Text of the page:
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David Lynch’s beautiful and heartbreaking story of Joseph Merrick (John Hurt), who suffered from a severe deformity and is the victim of constant abuse and ridicule is wonderful, but ultimately a genuine heartbreaker from start to finish. Though of course this magnificent film has many uplifting moments, some of the treatment the kind hearted and intelligent Merrick receives due to his deformity is a devastating reminder of just how cruel humans can be, and I would question the humanity of anyone who watched The Elephant Man and did not have an underlying feeling of shame when watching. Being shot in black and white ads to the bleak feeling, and the film’s beautiful ending when seen for the first time haunted and upset me for days. Many criticise Lynch for being a director that makes films that are complicated and confusing for the sake of it, but for me The Elephant Man has some of his directorial trademarks (Industrial sounds and surreal imagery) but still has an emotionally devastating narrative, proving that he is one of the all time great film makers.

5. Shooting Dogs (Michael Caton Jones, 2005)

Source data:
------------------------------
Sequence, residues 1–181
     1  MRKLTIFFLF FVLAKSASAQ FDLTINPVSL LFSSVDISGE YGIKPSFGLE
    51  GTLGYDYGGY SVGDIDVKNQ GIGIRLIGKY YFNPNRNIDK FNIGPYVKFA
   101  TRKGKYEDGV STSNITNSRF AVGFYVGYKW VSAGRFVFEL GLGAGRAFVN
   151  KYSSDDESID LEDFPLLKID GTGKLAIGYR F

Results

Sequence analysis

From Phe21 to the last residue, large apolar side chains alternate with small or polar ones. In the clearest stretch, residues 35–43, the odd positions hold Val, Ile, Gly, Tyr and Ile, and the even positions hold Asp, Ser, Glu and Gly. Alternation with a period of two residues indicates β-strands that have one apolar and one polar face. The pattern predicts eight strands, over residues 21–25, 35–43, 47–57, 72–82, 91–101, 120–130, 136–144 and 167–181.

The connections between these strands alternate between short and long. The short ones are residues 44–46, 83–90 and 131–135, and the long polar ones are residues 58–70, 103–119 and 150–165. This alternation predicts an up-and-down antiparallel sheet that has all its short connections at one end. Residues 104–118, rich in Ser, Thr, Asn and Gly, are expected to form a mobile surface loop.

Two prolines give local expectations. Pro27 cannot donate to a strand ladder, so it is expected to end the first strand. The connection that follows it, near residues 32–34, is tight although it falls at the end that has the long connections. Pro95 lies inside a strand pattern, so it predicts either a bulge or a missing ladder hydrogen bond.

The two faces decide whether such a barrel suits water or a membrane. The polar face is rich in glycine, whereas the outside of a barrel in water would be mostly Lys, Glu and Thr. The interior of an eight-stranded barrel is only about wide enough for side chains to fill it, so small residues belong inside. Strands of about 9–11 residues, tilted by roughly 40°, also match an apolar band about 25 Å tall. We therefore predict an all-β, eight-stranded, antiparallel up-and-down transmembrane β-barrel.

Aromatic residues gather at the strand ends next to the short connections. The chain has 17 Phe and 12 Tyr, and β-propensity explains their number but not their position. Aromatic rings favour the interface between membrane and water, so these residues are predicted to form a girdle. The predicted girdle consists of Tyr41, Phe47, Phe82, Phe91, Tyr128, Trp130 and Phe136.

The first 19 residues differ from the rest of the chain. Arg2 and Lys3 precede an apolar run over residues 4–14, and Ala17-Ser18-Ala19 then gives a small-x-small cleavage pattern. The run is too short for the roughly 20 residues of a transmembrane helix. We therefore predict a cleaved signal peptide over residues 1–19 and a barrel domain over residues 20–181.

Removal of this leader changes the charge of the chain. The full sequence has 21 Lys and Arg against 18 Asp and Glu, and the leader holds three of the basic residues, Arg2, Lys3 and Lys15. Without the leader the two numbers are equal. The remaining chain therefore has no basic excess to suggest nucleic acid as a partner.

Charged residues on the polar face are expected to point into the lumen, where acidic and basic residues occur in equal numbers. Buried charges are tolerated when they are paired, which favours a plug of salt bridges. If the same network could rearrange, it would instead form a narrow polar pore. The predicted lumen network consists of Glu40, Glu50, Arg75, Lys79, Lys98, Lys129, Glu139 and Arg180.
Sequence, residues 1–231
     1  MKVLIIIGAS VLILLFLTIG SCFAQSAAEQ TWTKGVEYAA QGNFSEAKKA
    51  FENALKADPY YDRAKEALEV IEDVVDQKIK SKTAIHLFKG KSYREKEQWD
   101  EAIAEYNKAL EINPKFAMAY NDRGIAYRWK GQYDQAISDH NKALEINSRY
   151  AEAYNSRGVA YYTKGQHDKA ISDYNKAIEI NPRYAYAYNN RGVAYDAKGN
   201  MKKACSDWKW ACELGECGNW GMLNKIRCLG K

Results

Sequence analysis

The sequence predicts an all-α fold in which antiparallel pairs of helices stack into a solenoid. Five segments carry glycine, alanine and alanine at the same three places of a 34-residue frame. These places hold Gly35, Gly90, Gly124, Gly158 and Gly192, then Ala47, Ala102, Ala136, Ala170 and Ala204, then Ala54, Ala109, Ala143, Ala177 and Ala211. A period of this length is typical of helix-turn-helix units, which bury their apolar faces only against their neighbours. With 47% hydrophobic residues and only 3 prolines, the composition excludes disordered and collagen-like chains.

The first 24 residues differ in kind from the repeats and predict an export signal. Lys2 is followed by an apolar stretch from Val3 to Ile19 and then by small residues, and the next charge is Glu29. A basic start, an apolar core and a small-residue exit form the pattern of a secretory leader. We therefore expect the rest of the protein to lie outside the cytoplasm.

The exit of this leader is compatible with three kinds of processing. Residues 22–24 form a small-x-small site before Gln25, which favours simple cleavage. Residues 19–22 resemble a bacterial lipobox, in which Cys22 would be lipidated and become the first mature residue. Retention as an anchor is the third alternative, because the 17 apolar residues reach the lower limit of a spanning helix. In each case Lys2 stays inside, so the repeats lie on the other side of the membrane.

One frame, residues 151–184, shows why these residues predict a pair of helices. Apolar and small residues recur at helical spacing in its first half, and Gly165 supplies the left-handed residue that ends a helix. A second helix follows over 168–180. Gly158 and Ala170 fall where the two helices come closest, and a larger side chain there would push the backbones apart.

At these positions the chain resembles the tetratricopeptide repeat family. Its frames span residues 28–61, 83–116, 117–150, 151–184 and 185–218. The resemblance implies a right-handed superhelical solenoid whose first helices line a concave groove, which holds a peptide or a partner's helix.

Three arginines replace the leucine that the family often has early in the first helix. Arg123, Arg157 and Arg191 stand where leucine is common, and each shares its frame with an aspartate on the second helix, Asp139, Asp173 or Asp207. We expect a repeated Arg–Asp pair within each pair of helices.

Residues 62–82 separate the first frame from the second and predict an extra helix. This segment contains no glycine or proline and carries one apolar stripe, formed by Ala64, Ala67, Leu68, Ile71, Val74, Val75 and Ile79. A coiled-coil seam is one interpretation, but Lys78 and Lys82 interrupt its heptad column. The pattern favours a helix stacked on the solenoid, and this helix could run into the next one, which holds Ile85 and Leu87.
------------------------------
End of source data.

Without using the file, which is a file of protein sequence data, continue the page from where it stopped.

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Films often come in twos, and Michael Caton-Jones’ devastating story of the Rwandan genocide did not get the praise it deserved partly down, in my view, to being released at a very similar time as Hotel Rwanda. Due to the natural power of the subject matter, Hotel Rwanda was of course powerful, but I feel ultimately did have Hollywood gloss. However, Shooting Dogs (called Beyond the Gates in America) for me was a far more intelligent and ultimately more shattering examination of suffering and why people inflict such suffering and hatred on others. Filmed in the actual locations the genocide took place, and featuring many of the victims of the genocide as its crew, Shooting Dogs tells the story of the École Technique Officielle and an English teacher (Hugh Dancy) and Catholic priest (John Hurt) where many Tutsi’s sought refuge and safety. However, as the UN have the orders to gradually leave, there is only going to be one tragic ending. Made with intelligence, respect and integrity, Shooting Dogs is a film of undeniable power, and a tragic reminder of the darker side of humanity that reminds westerners like me how fortunate I am to live in a stable democracy.